President Barack Obama’s visit to Chattanooga on Tuesday will mark the first visit by a sitting president since George W. Bush came to Erlanger hospital, the Trade Center, and Porker’s barbecue restaurant on Market Street on Feb. 21, 2007.
While a number of presidents have spent time in Chattanooga while either campaigning for the nation’s highest office or before or after they served as president, only about a third have actually come while the chief executive.
Before President Bush’s visit, the last time was apparently when his father, George Bush, came here on the re-election campaign trail in the fall of 1992. By then polls were apparently showing that he was trailing Bill Clinton or had his work cut out in defeating him, and he was forced to go on the attack.
I remember standing in a fenced off area by Lovell Field listening to his speech, and it seemed so out of character for a man who in the years after his presidency has presented himself as being kind, classy, sensitive and a genuine good guy.
What I also remember about that day -- besides the fact that my father, Dr. Wayne Shearer, and other Republican candidates for state office offered brief warmup remarks related to the national election – was that someone was running around in a chicken outfit.
And I don’t think he was on his way to entertain at a Lookouts’ baseball game. He or his organization must have been making some kind of political statement.
Before that, I believe the last visit by a sitting president was in May 1987, when President Ronald Reagan spoke to high school graduates at the UTC Arena after dining at the UTC student center.
He was in his second term by then, and he did not have to worry about re-election. As a result, he made a very upbeat speech of the variety for which he was famous. I was covering the event for the Chattanooga News-Free Press at the time, and I remember realizing for the first time why they called him the Great Communicator.
Prior to President Reagan’s speech, the last presidential visit was apparently when Democrat Lyndon Johnson spoke at a large rally at Lovell Field shortly before his election in 1964.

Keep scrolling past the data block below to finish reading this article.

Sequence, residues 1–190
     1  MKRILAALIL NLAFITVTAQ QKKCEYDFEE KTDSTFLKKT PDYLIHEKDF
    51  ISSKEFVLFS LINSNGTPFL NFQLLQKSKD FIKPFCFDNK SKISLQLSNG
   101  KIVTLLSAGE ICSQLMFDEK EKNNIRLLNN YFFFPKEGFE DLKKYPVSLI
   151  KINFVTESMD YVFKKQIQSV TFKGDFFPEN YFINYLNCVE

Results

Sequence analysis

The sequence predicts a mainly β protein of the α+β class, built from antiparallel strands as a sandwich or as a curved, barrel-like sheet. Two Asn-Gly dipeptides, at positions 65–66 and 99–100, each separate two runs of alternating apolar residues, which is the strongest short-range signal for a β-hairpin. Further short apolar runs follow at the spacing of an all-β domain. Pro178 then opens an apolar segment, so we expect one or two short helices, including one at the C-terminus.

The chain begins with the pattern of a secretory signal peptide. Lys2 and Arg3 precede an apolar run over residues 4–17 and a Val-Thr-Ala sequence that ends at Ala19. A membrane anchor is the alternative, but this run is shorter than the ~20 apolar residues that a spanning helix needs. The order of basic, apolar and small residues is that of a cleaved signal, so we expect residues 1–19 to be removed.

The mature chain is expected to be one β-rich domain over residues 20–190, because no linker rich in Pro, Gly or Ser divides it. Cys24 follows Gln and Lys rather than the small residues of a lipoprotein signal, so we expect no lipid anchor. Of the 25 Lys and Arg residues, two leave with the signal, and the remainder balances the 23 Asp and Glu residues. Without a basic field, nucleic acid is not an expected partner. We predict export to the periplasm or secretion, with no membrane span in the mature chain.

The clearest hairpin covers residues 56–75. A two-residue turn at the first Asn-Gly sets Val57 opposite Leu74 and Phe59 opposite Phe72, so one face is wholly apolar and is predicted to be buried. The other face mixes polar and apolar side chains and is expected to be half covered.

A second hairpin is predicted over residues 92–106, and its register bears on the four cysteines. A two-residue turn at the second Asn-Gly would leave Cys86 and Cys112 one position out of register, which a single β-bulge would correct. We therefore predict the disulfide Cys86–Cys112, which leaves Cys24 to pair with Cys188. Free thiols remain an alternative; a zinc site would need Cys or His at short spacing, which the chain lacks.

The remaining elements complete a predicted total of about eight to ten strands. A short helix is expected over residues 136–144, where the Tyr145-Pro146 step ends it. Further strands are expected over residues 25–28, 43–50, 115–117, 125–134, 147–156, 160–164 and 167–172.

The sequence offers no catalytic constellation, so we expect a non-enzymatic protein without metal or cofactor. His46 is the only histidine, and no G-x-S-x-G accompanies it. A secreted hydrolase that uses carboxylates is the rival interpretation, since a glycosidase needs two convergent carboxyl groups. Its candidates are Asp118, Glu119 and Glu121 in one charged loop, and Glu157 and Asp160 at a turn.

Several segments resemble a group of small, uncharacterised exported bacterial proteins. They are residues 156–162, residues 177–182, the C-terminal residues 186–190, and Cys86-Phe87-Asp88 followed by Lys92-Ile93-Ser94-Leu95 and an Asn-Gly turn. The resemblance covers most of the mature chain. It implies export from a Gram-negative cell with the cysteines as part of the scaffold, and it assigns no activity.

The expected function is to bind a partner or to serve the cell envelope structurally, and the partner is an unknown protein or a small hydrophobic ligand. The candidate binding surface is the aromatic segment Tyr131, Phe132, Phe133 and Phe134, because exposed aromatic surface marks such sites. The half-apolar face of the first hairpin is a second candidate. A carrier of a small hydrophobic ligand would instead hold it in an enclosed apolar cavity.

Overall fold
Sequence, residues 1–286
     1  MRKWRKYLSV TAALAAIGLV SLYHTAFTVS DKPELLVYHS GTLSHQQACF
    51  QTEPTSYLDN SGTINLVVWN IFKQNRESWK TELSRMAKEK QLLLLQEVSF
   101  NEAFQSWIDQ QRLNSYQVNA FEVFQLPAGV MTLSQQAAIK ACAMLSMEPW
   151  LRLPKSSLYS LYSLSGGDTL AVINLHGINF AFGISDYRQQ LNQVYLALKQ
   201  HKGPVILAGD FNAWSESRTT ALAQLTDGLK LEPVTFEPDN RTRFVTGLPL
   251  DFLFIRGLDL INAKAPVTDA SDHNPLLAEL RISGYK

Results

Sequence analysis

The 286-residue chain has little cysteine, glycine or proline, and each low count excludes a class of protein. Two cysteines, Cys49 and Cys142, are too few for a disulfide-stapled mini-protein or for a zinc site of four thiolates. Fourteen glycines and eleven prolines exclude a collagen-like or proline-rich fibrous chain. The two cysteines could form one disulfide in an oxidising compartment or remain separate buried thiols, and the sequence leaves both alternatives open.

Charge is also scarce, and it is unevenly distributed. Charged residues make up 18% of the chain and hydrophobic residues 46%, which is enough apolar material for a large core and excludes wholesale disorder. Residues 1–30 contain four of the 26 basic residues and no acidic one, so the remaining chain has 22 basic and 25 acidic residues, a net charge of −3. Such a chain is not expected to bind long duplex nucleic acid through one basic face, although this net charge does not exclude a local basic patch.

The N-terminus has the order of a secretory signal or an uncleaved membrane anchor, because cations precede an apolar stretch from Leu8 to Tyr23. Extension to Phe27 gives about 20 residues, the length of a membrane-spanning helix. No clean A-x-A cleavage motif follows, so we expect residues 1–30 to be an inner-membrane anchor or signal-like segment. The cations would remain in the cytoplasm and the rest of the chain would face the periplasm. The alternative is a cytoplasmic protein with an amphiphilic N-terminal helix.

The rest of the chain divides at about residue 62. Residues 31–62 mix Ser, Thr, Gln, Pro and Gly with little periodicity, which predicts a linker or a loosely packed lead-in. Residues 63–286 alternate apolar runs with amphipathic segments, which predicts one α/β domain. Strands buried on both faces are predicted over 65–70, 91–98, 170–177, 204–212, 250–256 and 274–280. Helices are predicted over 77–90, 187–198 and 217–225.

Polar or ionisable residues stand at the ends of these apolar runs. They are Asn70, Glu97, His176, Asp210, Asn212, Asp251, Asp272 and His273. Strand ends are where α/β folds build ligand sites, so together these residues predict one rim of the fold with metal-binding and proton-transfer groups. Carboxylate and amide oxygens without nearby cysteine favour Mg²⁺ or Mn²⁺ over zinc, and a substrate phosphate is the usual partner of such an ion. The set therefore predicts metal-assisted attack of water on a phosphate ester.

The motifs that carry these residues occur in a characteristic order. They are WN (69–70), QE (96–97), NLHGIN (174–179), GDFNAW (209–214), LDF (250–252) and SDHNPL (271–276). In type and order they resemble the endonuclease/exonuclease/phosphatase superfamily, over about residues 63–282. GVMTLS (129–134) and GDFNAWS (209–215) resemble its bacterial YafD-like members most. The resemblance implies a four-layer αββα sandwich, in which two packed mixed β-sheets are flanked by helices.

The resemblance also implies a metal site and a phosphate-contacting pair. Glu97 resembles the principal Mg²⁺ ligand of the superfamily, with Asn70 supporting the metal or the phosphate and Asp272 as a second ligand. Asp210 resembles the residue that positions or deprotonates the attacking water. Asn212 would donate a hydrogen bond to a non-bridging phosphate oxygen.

Before then, the last sitting president to visit Chattanooga may have been Franklin D. Roosevelt. He came several times, perhaps while traveling to and from his vacation home in Warm Springs, Ga.
In 1943, he inspected the Women’s Army Corps unit at Chickamauga Battlefield and Barnhardt Circle at Fort Oglethorpe, while on Sept. 2, 1940, he dedicated the new Chickamauga Dam. And on Nov. 21, 1938, he inspected work on the dam.
That one may have been as memorable as his 1940 visit, as he traveled across the Market Street Bridge, and up Dallas Road, Old Dallas Road, Hixson Pike, and Access Road to the dam.
It was during a time much different from today, as schoolchildren and other interested onlookers watched him and waved to him as he passed. And at the dam, 2,200 workers were there to greet him.
On his return trip, he went to County Judge Will Cummings’ farm in Lookout Valley via South Broad Street and up to Point Park.
Like President Reagan, Mr. Roosevelt had some savvy communication skills and knew how to charm the Chattanoogans.
These earlier presidential travels to Chattanooga had a similar feeling of letting the chief executive get to see a little of the city and greet all the citizens before the site-specific visits of recent years came into vogue. Of course, the changes have been due largely to increased safety concerns of the president, as well as perhaps the philosophy of more recent years of keeping the president’s visit tied in a little more with his own party or constituency.
As an example of the very friendly visits of old, Warren G. Harding’s train briefly sat at Chattanooga’s Terminal Station (now the Chattanooga Choo-Choo) on Jan. 21, 1921, after he had been elected but before he was sworn into office. The word was that he would not get off the train while on his way to Florida for some rest and relaxation.
But when his train backed into the station, he was on the rear platform kindly greeting those who had come to see him out of curiosity.
President William Howard Taft had the same friendly tone when he was here for a longer stay during a goodwill tour on Nov. 11, 1911. He spoke from the west side of the now-razed Old Main building at the University of Chattanooga, toured Chickamauga Battlefield, attended a banquet at the Hotel Patten, and then spoke at the old City Auditorium at Georgia Avenue and Martin Luther King Jr. Boulevard (then Ninth Street).
President Theodore Roosevelt had a similarly memorable two-day stop in Chattanooga in early September 1902. He led a local cavalry unit on horseback through Chickamauga Park, visited Missionary Ridge and Orchard Knob, and rode the Incline and walked to Point Park after turning down offers for a ride.
And he was just getting started. He then dined at the Lookout Inn, which later burned to the ground, and attended a service at the former First Baptist Church on Georgia Avenue before spending the night in his guarded hotel room.
The next day, he addressed a firemen’s group at the City Auditorium and on the County Courthouse lawn.
At all the stops, he was said to be quite cordial.
Civil War battlefields were evidently the attractions for presidents to see in those days, as President Benjamin Harrison was taken to Lookout Mountain on April 15, 1891. But for him, the experience brought back a challenging part of his past instead of providing a carefree moment of the present, as he said he had been encamped there during the war as a commander of an Indiana volunteer regiment.
Earlier presidents who came to Chattanooga while serving or after having been elected were James K. Polk, possibly Andrew Jackson and James Monroe.
For all of them, each visit was a unique experience for the Scenic City.